What happened
Women voters continued to rally behind Hillary Clinton this week, helping her to retain a slight lead over Barack Obama in the race to pile up enough delegates to win the Democratic presidential nomination. The gender gap especially helped Clinton in California, where turnout among men was a little low, and Clinton’s overwhelming lead among Latinos helped her win in the delegate-rich state. “This election remains about personalities and constituencies and not about issues or ideology," said Democratic pollster Peter Hart. (San Jose Mercury News)

What the commentators said
“Here’s what was clear from Super Tuesday,” said Margery Eagan in the Boston Herald. “If Hillary beats Barack, it’ll be women who put her over the top.” Women are turning out in droves this year, and most of them are going for Clinton. Seeing a woman’s name on the ballot makes them think of all the husbands and bosses who ever “derided their abilities." It makes them think of their daughters, “who might finally grow up to be president, too.” Obama is a “fine guy,” but he can’t compete with that.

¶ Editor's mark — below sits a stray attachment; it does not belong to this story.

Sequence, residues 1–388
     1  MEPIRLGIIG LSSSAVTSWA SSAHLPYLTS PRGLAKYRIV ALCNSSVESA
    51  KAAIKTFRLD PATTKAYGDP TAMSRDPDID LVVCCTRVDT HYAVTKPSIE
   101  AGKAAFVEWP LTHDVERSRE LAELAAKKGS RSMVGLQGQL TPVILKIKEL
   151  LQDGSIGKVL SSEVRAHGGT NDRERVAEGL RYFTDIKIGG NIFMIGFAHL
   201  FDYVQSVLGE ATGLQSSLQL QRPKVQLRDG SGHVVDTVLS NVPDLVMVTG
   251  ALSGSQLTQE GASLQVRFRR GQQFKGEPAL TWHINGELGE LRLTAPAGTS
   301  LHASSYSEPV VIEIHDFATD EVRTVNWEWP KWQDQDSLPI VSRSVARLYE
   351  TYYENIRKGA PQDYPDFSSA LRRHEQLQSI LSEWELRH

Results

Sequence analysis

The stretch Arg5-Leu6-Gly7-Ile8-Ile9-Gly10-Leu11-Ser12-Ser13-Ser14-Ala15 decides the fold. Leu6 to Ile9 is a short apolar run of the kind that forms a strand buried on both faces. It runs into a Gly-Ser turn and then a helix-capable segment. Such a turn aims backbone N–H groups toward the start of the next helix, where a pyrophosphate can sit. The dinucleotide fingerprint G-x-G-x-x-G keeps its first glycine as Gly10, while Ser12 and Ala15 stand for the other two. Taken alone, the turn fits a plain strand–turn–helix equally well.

In Massachusetts, “every alpha male in the state” from Ted Kennedy on down endorsed Obama, said Gail Collins in The New York Times (free registration). And “Democratic women then stampeded to the polls in a great show of enthusiasm for ignoring their advice.” Women, especially older women, “are risk averse,” so choosing between a senator with a “long history of working on useful but unglamorous children’s programs” and a newcomer talking about hope is a no-brainer for them. “Hillary would be winning the women’s vote this year even if she’d been a man. Although that’s a concept I’d rather not dwell on.”

Women are just one of the “twin pillars” that put Clinton over the top in California, said Cathleen Decker and Phil Willon in the Los Angeles Times (free registration). Latinos backed Clinton by a 2 to 1 margin. Clinton enjoys loyal support from Latinos, who remember the prosperity they “enjoyed during her husband's administration.”

Obama isn’t giving up on bringing Latinos into his camp, said Jill Lawrence in USA Today. Fast population growth has given Latinos new electoral clout, and that has “ignited the first spirited battle for Hispanic votes in a primary season.” Obama’s outreach has boosted his numbers as primary season progresses, but so far it hasn’t been enough to help him win in heavily Hispanic states.